Jul 29, 2014

Memories Of Longacres Are All But Dead

Sally Steiner grew up at Longacres and now owns the Quarter Chute Café at Emerald Downs with her husband Joe.

Memories Of Longacres Are All But Dead Memories Of Longacres Are All But Dead Memories Of Longacres Are All But Dead Memories Of Longacres Are All But Dead Memories Of Longacres Are All But Dead Memories Of Longacres Are All But Dead Memories Of Longacres Are All But Dead Memories Of Longacres Are All But Dead

The day after Longacres closed on September 21, 1992, the Valley Daily News' headline read “The race over, the lights out, Longacres is dead.”

For Sally Steiner (Leonard) the memories of Longacres are far from dead.

Memories of the storied track hang along the walls of Steiner's Quarter Chute Café at Emerald Downs. Photos, race memorabilia and paintings remind Steiner of her life at Longacres. Her father, Jack Leonard, was a successful jockey and trainer, which meant Steiner spent much of her summers in barn number nine.

“It was historical, I was happy to be a part of it,” said Steiner during a break at the café. “It has my heart, my roots started at Longacres and they have branched off into the café at Emerald Downs.”

Born in 1945 to Jack and Leona Leonard, Sally and her family would travel between Canada, Oregon and California following the state and county fair horse racing circuits.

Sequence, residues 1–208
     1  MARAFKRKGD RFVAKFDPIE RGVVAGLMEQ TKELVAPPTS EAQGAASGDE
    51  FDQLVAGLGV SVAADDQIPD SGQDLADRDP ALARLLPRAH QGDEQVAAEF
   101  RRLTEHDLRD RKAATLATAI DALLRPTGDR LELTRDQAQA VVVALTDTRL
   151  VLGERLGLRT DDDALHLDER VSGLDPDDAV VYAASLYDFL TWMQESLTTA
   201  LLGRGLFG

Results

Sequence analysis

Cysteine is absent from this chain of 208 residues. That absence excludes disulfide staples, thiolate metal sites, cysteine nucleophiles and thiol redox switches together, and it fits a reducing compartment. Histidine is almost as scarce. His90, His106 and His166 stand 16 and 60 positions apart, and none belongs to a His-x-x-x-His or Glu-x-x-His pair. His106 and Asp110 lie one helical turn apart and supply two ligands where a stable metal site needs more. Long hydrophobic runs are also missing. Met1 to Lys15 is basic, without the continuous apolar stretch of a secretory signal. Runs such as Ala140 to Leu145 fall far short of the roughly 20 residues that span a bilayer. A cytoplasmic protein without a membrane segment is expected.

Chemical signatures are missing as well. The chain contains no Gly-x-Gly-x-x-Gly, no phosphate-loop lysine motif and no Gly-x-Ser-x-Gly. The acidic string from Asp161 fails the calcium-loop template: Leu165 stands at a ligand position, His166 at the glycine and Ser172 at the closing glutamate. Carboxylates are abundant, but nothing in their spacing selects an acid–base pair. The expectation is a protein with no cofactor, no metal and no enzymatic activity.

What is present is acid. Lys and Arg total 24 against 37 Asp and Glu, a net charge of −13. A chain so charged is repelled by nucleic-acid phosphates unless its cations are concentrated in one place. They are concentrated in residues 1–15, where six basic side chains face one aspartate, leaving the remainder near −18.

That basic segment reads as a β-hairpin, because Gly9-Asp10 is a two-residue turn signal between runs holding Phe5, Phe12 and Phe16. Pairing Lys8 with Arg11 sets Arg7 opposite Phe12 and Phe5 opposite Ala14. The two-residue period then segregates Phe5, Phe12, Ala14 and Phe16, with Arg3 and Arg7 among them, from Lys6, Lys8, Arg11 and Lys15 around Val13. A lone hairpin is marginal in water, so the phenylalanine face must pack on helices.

In 1948, Jack received a job offer at the Jack Warner House Ranch in Canoga Park, California where he worked as a jockey exercising the horses rode in the racing scene of Warner’s movie Seabiscuit. Steiner remembers the movie stars stopped by the little ranch house while filming on location.

Those stars were Shirley Temple and Lon McCallister, and they stood right in the kitchen. A photo now hangs in the café with Steiner sitting on Temple’s lap, even tying her shoes.  

“I thought she was a nice lady,” said Steiner, not knowing who the woman was at the time the photos were taken.

During the summer of 1961, Steiner and her family went to a local burger joint called Joe’s 19-cent Burgers for fish. 

“This guy was in there, he was pretty cute guy,” Steiner said. That cute guy was Joe Steiner, her future husband. Joe asked a friend who the girl was; the friend replied, “that’s that famous jockey’s sister,” referring to the younger Jack Leonard (son of Jack Leonard senior).

Joe made plans to ask Sally out even though his friend told him she was out of his league. 

Their first date was Christmas Day 1961.

Sally went on to graduate from Kent-Meridian High School and the two married on October 12, 1963. Despite raising their four children away from the track  they all eventually made made horses their livelihood or married into the circuit: son Joe Steiner became a jockey; son Jack Steiner worked as a jockey nd trainer; daughter Kelli was exercise rider; and daughter Karrie married a jockey agent, although she made her living as a dental hygienist).

Sally returned to Longacres in 1981 to be a cashier at the Backstretch Cafe and later was a manager.

After the closure of the track, the Steiners placed a bid to operate a cafe at the new racetrack in Auburn called Emerald Downs in 1996. At the time Sally was in Kentucky visiting a new grandbaby when she heard the news.